The dampening action of the mount can be adjusted by turning the screw means 8 in or out of the cylinder 4. If, for example, the screw were to be turned for additional inward movement, spring 6 would be initially compressed. However, the additional compression would at the same time adjust itself to the second spring 6 also, so that the additional added compression would be shared by both springs. With the turning of the screw, not only are the screw means further compressed but the friction disc 19 is also readjusted. The friction means 19 is flattened out or compressed and the periphery thereof comes into more intimate contact or greater frictional engagement with the inner cylinder wall. As a result, the action, up or down, of the entire piston unit is dampened or made more sluggish.
When the screw 8 is reversely adjusted, the compression of the friction disc 19 and the springs is of course opposite to that described above and the device tends to be less sluggish.
Obviously many modifications and variations of the present invention are possible in the light of the above teachings. It is therefore to be understood that within the scope of the appended claims the invention may be practiced otherwise than as specifically described.
What is claimed is:
1. An anti-vibration mount for a shock sensitive article or the like comprising a base member, two pairs of spaced and opposed post members carried by said base member and extending therefrom at substantially right angles, a hollow cylinder mounted on each corner of said base member with one of said post members being received in the bore of each of said hollow cylinders at one of the ends thereof, each of said hollow cylinders having an elongated aperture therein intermediate the ends thereof, cover means carried by each of said hollow cylinders at 3 the opposite end thereof, a lower piston member slidably received in the bore of each of said hollow cylinders and being movable therein in opposite directions, a stud carried by each of said lower piston members for movement therewith and being received in said elongated apertures in said hollow cylinders for movement therein in opposite directions, an upper piston member slidably received in the bore of each of said hollow cylinders and being movable therein in opposite directions, a friction disc of compressible material slidably received in the bore of each of said hollow cylinders and being positioned between the opposing faces of said piston members therein, screw means rigidly connecting said piston members and said friction disc in each of said hollow cylinders for slidable unit movement and being adjustable to vary the compression of each of said friction discs to thereby vary the diameter thereof, resilient means in the bore of each of said hollow cylinders acting in compression and in opposite directions on said upper and lower piston members and thereby being operable to resiliently support said piston members and said friction disc in the bore of each of said hollow cylinders for movement in opposite directions, bracket means operatively connected to said lower piston member studs for movement therewith and being operable to carry said shock sensitive article, and adjust ment means carried by each of said cover means on said hollow cylinders for varying the compression of said resilient means in each of said hollow cylinders to thereby vary the resistance of said resilient means to movement of said piston members in opposite directions when a vibration load is applied thereto by said shock-sensitive article, said friction disc in each of said hollow cylinders being frictionally engageable with the wall surface of the bore thereof and thereby being operable to dampen the movement of said piston members in opposite directions.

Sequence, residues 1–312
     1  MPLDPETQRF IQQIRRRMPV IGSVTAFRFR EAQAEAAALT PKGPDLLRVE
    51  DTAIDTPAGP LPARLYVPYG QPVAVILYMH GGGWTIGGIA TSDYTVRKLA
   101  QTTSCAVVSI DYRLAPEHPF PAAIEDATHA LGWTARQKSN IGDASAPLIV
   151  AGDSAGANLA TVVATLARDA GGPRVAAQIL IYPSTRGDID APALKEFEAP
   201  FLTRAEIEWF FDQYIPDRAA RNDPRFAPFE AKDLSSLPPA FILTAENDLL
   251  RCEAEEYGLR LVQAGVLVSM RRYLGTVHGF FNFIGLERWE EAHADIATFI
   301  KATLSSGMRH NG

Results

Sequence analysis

2. An anti-vibration mount as claimed in claim 1 wherein said resilient means in each of said hollow cylinders is comprised of a pair of compression springs, one of said compression springs having one end seated on one face of said lower piston member and the opposite end seated on said post member received in the bore of each of said hollow cylinders, the other of said compression springs having one end seated on one face of said upper piston member and the opposite end seated on said adjustment means carried by said cover means on each of said hollow cylinders.
3. An anti-vibration mount as claimed in claim 1 further including a cover plate carried by said cover means on said hollow cylinders, said cover plate extending sub stantially parallel to said base member and being attached to said cover means by screws.
4. An anti-vibration mount as claimed in claim 3 wherein said base member and said cover plate carry rubber cushions, said cushions being opposed and facing each other and being operable to limit the movement in opposite directions of said bracket means and the shock sensitive article carried thereby when the vibratory movement of said shock-sensitive article in opposite directions exceeds a predetermined amplitude.
References Cited in the file of this patent UNITED STATES PATENTS 1,087,519 White Feb. 17, 1914 1,502,866 Moore July 29, 1924 1,802,589 Thompson Apr. 28, 1931 2,312,718 Kouyounjian Mar. 2, 1943 2,683,576 Miller July 13, 1954